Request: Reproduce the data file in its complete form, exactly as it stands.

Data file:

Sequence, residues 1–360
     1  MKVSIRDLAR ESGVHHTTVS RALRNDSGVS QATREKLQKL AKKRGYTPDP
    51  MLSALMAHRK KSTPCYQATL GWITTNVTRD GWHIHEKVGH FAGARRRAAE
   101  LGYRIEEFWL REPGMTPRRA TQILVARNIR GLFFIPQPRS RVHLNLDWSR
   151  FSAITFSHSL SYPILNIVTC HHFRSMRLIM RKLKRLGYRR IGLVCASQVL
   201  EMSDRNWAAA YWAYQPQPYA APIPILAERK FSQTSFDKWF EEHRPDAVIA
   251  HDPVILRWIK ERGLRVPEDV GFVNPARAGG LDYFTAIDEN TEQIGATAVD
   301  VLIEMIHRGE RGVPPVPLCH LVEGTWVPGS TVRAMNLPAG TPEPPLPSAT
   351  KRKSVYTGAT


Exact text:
Sequence, residues 1–360
     1  MKVSIRDLAR ESGVHHTTVS RALRNDSGVS QATREKLQKL AKKRGYTPDP
    51  MLSALMAHRK KSTPCYQATL GWITTNVTRD GWHIHEKVGH FAGARRRAAE
   101  LGYRIEEFWL REPGMTPRRA TQILVARNIR GLFFIPQPRS RVHLNLDWSR
   151  FSAITFSHSL SYPILNIVTC HHFRSMRLIM RKLKRLGYRR IGLVCASQVL
   201  EMSDRNWAAA YWAYQPQPYA APIPILAERK FSQTSFDKWF EEHRPDAVIA
   251  HDPVILRWIK ERGLRVPEDV GFVNPARAGG LDYFTAIDEN TEQIGATAVD
   301  VLIEMIHRGE RGVPPVPLCH LVEGTWVPGS TVRAMNLPAG TPEPPLPSAT
   351  KRKSVYTGAT